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Without Sports, Gamblers Are Losing Their Minds and Going All-In on Marbles and Video Games

Their desperation palpable, bettors are throwing money at League of Legends, Turkish basketball and anything remotely competitive they can find

Mike had March 8, 2020, circled on his calendar for several months. The 29-year-old in Chicago loves to bet on the NBA, and after five months of using a “semi-shady under-the-table” bookie, he couldn’t wait to place his first legal wager the day Illinois finally legalized sports betting (hence, those circles around March 8th). Of course, that very same day, the NBA suspended play indefinitely.

Soon thereafter, the NCAA shut down the sports-betting haven that is March Madness. Major League Baseball and the UFC followed suit, as did every major sports league in the world. “Without sports, my bookie’s entire website is wiped free of things to bet on,” Mike tells me. “He’s struggling to add anything you can gamble on, to the point where you can now bet on coronavirus statistics, weird esports and obscure European sports leagues.” 

Last night, Mike says one of the gambling Facebook groups he’s in got so desperate “that someone just live-streamed himself playing Call of Duty, and the rest of the group bet on how many kills he would get.” 

“People are more or less losing their minds,” Sean Green, host of the Sports Gambling Podcast, adds. “I don’t have it in me to bet on the weather — yet.” (On Reddit, however, they’re getting close.)

Outside of whether the sun will shine or rain will fall from the heavens, gamblers have turned to what they see as the three most consistent things left: American politics, League of Legends and Turkish sports. “There are so many new people gambling in these arenas, and most of them don’t know what they’re doing,” says Brian, a 34-year-old in Connecticut. 

Brian has always been an avid political bettor (where odds for Democratic vice presidential candidate are “all the rage right now”), but without sports, he’s followed the crowd to League of Legends. That said, it hasn’t totally provided the necessary fix, and so, he’s looking into a few other corona-induced gambling arenas. “I’ve heard of NBA simulations running through the current NBA schedule, as well as another esport called iRacing — race car drivers running simulators from their house with live announcers. It’s very surreal to watch,” he tells me.

The problem, too, is that the only way to catch a Turkish basketball game or League of Legends match live is to stay up all night. “That’s where the simulations have a step up,” Green says. “It doesn’t, however, seem like there is one go-to source yet for simulation betting.” 

Can we get some action on marble races? from sportsbetting

That is, if you want to feel the thrill of betting on a live event in the company of others doing the same, you have to find someone trustworthy to simulate and stream a game. Bleacher Report, for example, has set up two live streams of simulated Madden games for their readers to watch and gamble on. (Green says he’s in the process of setting up simulated games for his listeners as well.)

Along those lines, William Labanowski’s app WagerLab was originally intended to be a sports betting app, but quickly pivoted when coronavirus brought the sports world to a halt. “Now we focus exclusively on prop bets, with odds set on anything from how quickly the coronavirus will grow, to whether any world leaders become infected, and what happens on popular TV shows.”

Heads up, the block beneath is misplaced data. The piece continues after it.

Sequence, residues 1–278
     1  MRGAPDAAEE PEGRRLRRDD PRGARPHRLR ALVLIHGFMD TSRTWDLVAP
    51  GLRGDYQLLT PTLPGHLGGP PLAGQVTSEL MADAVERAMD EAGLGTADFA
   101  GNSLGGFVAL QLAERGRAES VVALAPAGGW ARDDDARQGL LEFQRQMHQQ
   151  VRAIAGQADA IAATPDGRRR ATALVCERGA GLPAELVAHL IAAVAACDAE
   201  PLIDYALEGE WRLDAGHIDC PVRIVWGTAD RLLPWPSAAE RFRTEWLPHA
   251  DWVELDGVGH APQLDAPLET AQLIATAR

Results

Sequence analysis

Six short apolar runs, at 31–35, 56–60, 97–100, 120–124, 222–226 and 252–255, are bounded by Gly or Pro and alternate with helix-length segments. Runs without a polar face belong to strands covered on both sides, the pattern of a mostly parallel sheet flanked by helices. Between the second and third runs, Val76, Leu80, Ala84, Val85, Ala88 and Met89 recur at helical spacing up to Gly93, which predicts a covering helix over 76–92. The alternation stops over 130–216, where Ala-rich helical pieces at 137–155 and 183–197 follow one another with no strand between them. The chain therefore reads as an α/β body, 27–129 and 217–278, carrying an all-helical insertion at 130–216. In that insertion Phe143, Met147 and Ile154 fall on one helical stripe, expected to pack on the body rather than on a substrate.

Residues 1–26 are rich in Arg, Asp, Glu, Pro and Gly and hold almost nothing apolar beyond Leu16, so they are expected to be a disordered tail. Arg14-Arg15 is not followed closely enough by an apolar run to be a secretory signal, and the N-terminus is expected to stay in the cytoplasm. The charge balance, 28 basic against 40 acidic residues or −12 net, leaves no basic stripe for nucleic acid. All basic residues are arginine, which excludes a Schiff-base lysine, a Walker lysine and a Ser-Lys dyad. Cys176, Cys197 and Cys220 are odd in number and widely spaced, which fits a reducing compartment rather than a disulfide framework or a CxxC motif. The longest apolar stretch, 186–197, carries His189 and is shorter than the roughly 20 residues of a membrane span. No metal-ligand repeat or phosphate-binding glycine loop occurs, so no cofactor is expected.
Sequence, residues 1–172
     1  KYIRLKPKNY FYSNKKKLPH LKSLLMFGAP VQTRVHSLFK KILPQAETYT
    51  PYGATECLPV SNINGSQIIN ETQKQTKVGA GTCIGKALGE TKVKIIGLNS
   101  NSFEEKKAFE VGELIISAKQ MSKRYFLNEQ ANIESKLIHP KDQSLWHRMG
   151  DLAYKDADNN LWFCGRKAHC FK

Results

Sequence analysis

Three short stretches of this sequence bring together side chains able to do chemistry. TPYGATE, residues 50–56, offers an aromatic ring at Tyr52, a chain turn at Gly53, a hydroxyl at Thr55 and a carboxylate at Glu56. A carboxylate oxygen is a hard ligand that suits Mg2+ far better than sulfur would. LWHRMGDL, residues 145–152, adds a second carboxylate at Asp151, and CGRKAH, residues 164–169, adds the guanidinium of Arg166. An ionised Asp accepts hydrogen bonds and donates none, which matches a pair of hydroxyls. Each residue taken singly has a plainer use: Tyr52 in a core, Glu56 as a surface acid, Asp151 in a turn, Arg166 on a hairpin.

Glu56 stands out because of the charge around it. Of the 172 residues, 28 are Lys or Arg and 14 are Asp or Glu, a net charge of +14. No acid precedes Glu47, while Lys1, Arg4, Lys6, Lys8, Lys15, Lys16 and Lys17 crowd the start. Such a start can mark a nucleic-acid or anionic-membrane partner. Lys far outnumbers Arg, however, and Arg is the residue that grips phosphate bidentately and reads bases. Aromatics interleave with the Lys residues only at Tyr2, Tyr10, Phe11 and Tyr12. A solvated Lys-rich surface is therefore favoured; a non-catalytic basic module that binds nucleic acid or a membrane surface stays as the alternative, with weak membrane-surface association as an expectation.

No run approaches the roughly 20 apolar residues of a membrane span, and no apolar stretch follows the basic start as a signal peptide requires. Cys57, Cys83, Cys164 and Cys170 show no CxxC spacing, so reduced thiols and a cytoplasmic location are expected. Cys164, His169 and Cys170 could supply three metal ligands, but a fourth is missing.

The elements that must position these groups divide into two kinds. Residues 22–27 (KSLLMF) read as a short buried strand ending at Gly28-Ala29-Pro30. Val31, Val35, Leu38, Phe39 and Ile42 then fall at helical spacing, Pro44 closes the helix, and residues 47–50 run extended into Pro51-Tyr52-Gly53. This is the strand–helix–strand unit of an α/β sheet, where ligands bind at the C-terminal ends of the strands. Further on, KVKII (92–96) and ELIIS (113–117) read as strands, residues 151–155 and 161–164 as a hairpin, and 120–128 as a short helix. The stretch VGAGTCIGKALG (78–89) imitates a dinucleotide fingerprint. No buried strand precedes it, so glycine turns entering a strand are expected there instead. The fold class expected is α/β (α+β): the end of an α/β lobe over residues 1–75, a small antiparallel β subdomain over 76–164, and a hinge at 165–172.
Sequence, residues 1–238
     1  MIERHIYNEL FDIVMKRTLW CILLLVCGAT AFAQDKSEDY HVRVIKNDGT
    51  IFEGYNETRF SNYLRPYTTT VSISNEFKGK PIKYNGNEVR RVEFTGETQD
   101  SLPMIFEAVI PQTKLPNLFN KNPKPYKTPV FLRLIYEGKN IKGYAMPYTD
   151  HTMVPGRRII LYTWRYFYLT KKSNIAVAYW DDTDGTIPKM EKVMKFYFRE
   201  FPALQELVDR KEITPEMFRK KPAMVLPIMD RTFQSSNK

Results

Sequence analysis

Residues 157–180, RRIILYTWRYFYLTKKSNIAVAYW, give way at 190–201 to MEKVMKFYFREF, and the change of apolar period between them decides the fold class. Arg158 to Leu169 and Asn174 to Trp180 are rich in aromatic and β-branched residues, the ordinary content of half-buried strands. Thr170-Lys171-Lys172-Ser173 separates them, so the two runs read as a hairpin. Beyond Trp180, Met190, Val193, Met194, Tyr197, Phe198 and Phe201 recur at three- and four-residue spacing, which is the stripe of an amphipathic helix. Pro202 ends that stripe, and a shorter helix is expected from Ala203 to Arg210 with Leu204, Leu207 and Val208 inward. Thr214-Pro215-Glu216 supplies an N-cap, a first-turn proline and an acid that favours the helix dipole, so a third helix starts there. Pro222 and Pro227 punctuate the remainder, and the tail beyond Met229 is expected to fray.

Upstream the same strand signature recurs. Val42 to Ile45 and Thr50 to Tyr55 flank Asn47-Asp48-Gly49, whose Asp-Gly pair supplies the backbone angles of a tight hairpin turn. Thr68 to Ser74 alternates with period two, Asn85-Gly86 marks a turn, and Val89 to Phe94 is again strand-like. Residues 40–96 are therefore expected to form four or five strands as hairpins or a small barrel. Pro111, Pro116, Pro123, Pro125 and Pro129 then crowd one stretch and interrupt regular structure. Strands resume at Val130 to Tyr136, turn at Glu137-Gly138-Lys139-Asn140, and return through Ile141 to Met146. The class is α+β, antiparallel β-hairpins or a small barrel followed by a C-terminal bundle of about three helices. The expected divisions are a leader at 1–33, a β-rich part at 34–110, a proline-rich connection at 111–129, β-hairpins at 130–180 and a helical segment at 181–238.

It should be noted that such smaller prop bets probably will never be the stuff that larger sportsbooks offer. (In the absence of sports, then, Labanowski says they’re “pushing their virtual casino games, like poker and slots.”) The reason for this is because they have to statistically validate their odds — i.e., casinos usually list a 50 percent chance bet at –110, or change the risk proportionally if they deem it not to be a 50 percent chance. “However, since anyone can take any side of those bets, they have to be extremely careful to validate that the odds they’re offering are as accurate as possible,” Labanowski explains. 

In other words, TV shows, marble races and whatever else people are betting on now don’t have the wealth of data behind them that major sports do, so casinos won’t place odds. 

On WagerLab, however, Labanowski explains, “Since both sides have to agree to a bet, it doesn’t have to be a perfect 50 percent chance — the recipient can reject any bet they don’t like their chances on. We do a small amount of statistics or some basic research on each bet we add to the system to ensure they’re as close to even odds as possible. But since we don’t have to be perfect, we can list a lot more betting options that casinos can’t.”

As for the future, Green isn’t sure what will emerge from the void, but he’s positive the disarray won’t cause a permanent shift in the gambling world. “With the exception of eSports, which seems to have a niche already carved out, I don’t imagine any of these alternative things will be very popular when real sports return,” he says. 

“We’re all addicts and these alternatives are the methadone that help us hang in there so we don’t go cold turkey,” he continues. “Especially March Madness — nothing can replace that. Sometimes you don’t realize how much you love something until it’s taken away from you.”